Microsoft skips Apple's copy, paste with Bing 'Lasso'

A new feature in Microsoft's Bing application for iPad aims to make it easier to start a new search from any page you're on just by drawing a circle around a word or two.

Microsoft's new "lasso" feature lets you circle a word, or group of words to start a search with them.
Microsoft's new "lasso" feature lets you circle a word or group of words to start a search with them. Microsoft

Microsoft is rolling out a new version of its native Bing application for Apple's iPad today that, with a new user gesture, aims to ditch the need to use Apple's built-in copy-and-paste feature.

Dubbed "Lasso," the gesture has users drawing their finger around any word or words on a Web page to start a new search from that selection. That's versus selecting those same words with a tap, drag, and button press using iOS' built-in copy-and-paste tool, or manually typing them into the search box.

In a blog post announcing the new feature, Bing group program manager Tony Chor says that "many searches" begin from pages users are on while browsing the Web, and that this feature eases that behavior from within the Bing iPad application. The data behind that claim is that users can save up to nine steps with Lasso compared with having to use Apple's copy-and-paste method, Chor said.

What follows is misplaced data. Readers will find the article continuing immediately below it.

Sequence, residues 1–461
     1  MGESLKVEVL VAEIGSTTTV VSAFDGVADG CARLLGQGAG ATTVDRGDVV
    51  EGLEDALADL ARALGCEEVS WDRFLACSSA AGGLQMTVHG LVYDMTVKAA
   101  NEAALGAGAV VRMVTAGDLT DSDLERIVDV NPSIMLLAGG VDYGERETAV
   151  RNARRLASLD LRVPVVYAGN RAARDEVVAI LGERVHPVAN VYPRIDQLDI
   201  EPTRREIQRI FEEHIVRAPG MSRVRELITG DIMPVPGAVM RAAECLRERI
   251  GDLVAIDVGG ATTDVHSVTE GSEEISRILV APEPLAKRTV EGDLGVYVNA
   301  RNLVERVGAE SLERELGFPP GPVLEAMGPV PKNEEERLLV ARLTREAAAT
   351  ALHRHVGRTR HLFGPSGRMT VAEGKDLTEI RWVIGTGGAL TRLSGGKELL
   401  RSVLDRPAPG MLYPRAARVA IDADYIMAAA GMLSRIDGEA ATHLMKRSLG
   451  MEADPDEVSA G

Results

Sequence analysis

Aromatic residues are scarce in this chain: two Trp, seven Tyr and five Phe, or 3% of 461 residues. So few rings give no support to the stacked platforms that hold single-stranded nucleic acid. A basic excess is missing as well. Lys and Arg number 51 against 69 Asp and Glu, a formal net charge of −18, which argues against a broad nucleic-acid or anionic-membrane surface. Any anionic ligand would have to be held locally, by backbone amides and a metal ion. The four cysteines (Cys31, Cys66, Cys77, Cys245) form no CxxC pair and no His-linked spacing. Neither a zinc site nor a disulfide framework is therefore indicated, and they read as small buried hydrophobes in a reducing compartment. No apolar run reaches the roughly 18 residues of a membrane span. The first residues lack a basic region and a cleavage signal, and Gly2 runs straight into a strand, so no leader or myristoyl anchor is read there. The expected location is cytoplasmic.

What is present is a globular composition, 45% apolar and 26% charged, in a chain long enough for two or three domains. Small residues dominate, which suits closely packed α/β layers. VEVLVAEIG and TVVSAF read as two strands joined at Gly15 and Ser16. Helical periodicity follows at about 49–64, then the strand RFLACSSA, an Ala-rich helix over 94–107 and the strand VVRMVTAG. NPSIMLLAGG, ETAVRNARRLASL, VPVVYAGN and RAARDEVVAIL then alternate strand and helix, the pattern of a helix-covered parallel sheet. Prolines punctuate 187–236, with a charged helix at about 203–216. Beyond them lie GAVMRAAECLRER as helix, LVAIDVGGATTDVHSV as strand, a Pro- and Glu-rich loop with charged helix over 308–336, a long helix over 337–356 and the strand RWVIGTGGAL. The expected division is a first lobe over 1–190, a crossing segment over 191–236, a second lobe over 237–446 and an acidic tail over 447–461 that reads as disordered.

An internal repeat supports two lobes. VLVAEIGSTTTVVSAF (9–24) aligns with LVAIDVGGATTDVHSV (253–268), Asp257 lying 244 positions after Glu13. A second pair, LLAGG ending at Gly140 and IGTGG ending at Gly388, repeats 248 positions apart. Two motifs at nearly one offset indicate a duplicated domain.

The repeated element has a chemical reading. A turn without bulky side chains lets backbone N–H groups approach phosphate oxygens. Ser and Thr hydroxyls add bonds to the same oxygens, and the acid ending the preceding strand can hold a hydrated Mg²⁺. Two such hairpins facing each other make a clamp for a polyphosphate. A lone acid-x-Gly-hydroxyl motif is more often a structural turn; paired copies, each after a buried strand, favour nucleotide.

Along with the Lasso feature, the company's app is being updated to let users go back to see the past week's worth of Bing home page images, as well as see multiple days worth of movie showtime listings at once.

Microsoft released its Bing application for iPad in April .

Update at 12:07 p.m. PT: The v1.1 update is now live in the App Store. Also, CNET reader bojennet points out that the Lasso feature exists as part of Microsoft's tablet tool set, and is present in other Microsoft products like the desktop version of OneNote.

About the author

Josh Lowensohn joined CNET in 2006 and now covers Apple. Before that, Josh wrote about everything from new Web start-ups, to remote-controlled robots that watch your house. Prior to joining CNET, Josh covered breaking video game news, as well as reviewing game software. His current console favorite is the Xbox 360.

 

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